Thus outfitted, they went on ahead of their things, traveling first to the little town of Brevard, where there was no hotel, only a boardinghouse. They left from there in the blue light of the hour before dawn. It was a fine spring morning, and as they passed through the town Monroe had said, I am told we should be to Cold Mountain by suppertime.
--Charles Frazier, Cold Mountain
* * *When I read the above passage from Charles Frazier's National Book Award winning novel, Cold Mountain, an immense feeling of nostalgia overtook me. I only read the novel a couple years ago, which happened to be when I was getting into old-time music. The book found me at the perfect time.
Frazier's 1997 novel about western North Carolinians during the Civil War is set primarily in the Appalachian Mountains and features a fiddler and banjo player as important supporting characters. References to old-time music are dappled throughout the storyline. But the reference to Brevard, N.C., struck a more personal chord.
When I read the book, the last time I had been to the small town a half-hour outside of Asheville, N.C., was after my maternal grandfather, Robert McDermand, died on New Year's Day 2005. He and my grandmother moved to Brevard when I very young.
My family would drive south from Kent, Ohio, every winter to spend Christmas at my grandparents' mountainside house in the Sequoyah Woods. Often my mother's siblings and their families would join us.
We would pick wild blackberries from the bushes on the side of the one-lane road, and my grandmother would serve our pickings for breakfast.
The first time I ever heard of moonshine was when my uncle pointed out the remnants of an old stone still during a hike in the surrounding woods.
Once a bat came through the chimney while my cousins, siblings and I slept in the great room.
My grandmother's collection of outside cats would keep us awake at night clawing their way up the screen door.
There is not enough room on the Internet for the memories.
Aside from enjoying the music, old-time has renewed my connection to those times in Brevard. Even though I was never exposed to traditional music while visiting my grandparents, my interest in the repertoire still takes me back to that house in Sequoyah Woods, whether from tune names or lyrics that reference the area, hearing about music festivals nearby, or by happy accident.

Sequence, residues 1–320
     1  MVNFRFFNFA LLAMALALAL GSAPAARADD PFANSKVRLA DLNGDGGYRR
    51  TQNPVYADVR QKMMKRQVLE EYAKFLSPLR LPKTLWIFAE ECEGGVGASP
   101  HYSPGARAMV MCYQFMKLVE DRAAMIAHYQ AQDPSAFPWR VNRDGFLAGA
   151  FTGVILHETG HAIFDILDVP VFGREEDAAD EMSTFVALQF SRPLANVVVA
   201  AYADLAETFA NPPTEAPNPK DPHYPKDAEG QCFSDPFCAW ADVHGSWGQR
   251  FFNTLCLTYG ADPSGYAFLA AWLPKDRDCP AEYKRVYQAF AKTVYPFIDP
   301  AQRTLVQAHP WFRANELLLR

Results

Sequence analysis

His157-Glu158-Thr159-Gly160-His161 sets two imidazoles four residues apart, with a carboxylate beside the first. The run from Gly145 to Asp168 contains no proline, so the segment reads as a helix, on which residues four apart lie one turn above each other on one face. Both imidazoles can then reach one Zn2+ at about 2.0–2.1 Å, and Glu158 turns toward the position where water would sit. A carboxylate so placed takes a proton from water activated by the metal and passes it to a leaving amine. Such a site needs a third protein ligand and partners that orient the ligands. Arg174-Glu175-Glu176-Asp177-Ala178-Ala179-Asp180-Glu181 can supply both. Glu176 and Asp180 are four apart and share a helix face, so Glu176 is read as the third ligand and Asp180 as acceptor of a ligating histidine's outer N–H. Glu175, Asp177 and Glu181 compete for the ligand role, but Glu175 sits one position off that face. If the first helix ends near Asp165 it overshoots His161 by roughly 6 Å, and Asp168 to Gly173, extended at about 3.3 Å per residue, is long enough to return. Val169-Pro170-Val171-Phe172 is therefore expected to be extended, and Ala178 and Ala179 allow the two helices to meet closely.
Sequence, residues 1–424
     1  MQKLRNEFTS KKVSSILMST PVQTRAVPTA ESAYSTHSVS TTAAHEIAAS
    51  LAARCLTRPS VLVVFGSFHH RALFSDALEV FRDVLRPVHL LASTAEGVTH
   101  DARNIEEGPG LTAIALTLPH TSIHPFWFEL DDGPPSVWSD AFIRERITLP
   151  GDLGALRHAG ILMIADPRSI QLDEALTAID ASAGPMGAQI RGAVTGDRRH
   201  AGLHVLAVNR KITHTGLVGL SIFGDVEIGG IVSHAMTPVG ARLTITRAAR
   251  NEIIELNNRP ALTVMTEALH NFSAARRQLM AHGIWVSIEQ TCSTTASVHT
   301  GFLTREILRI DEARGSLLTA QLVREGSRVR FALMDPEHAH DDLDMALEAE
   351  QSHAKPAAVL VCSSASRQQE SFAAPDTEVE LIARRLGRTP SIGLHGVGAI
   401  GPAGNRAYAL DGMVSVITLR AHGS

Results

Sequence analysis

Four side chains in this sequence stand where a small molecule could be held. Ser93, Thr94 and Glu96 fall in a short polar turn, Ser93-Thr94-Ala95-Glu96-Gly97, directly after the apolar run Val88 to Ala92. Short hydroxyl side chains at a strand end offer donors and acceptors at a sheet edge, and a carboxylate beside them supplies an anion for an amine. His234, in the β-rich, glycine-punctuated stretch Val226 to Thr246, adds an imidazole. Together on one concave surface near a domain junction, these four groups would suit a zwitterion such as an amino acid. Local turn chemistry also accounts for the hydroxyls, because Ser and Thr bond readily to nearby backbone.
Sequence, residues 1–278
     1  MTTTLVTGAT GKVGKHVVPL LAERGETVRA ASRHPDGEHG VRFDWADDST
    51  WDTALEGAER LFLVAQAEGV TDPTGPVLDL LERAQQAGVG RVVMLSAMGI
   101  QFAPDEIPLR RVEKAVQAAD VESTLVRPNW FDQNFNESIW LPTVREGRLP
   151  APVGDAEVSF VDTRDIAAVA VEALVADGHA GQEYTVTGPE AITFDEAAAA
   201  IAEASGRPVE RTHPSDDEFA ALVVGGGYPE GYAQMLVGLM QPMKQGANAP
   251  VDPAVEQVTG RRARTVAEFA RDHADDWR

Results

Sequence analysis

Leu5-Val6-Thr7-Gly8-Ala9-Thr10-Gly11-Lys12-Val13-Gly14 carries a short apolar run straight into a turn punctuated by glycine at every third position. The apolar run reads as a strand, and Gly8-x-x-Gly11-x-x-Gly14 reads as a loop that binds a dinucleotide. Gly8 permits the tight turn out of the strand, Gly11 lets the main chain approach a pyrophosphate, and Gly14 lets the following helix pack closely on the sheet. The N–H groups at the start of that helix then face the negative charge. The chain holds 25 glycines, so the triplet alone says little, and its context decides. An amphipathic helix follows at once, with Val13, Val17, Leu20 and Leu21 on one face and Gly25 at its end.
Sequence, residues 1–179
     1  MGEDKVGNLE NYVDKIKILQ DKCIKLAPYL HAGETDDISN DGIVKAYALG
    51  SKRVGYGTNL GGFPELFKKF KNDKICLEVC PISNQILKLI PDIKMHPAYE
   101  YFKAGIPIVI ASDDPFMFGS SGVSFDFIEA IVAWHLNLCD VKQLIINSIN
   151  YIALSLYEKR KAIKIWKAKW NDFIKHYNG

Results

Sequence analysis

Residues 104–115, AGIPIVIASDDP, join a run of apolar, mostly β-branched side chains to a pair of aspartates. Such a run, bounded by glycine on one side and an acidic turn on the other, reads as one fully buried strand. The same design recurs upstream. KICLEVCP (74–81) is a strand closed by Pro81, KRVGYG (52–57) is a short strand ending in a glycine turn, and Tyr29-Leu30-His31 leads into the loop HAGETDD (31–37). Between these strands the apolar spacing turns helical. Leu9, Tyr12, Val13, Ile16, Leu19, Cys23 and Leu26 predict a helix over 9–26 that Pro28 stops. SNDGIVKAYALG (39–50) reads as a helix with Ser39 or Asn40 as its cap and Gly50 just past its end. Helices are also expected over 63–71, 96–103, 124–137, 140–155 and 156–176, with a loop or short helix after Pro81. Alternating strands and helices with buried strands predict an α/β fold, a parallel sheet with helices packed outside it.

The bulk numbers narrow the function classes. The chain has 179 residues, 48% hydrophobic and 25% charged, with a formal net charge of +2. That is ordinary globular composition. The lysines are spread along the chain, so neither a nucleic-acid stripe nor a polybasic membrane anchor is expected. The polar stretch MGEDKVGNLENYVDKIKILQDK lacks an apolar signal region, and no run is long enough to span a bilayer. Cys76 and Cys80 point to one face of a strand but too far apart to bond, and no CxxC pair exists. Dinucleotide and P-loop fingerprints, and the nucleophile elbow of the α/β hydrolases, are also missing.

When I started to entertain the idea of upgrading my banjo from my first instrument, one of the first builders who caught my eye was Lo Gordon of Cedar Mountain Banjos. By happenstance, Gordon is based in Brevard, and his wife runs the Celestial Mountain Music store downtown. The address for Cedar Mountain Banjos is less than two miles from Sequoyah Woods. There's something perfect about that.
My grandfather is buried in a hidden away cemetery in Transylvania County, a site befitting his interest in genealogy and researching our family's Scots-Irish heritage by visiting similar burial grounds. My grandmother lives in Gahanna, Ohio, near my uncle and his family. She speaks wistfully of Brevard, and always brings up the time I came to visit them during one spring break when I was eight years old. I'd flown to the airport in Asheville by myself. I drew her pictures of Dennis the Menace, and I didn't know then that old-time music would make me think of those times so many years later.
Two years ago, in the fall of 2009, my fiancee and I drove to the Carolinas for my oldest friend's wedding in Charleston, S.C. During the trip, we stopped by Brevard. We visited my grandparents' old house on the mountain. We ate at an Irish pub I'd always wanted to visit. We went to Celestial Mountain Music and I tested some Cedar Mountain banjos. During the drive home from North Carolina, I received a call about a monthly jam in my old hometown. A few months later, I would attend my first Kent Shindig and at last join my local old-time community.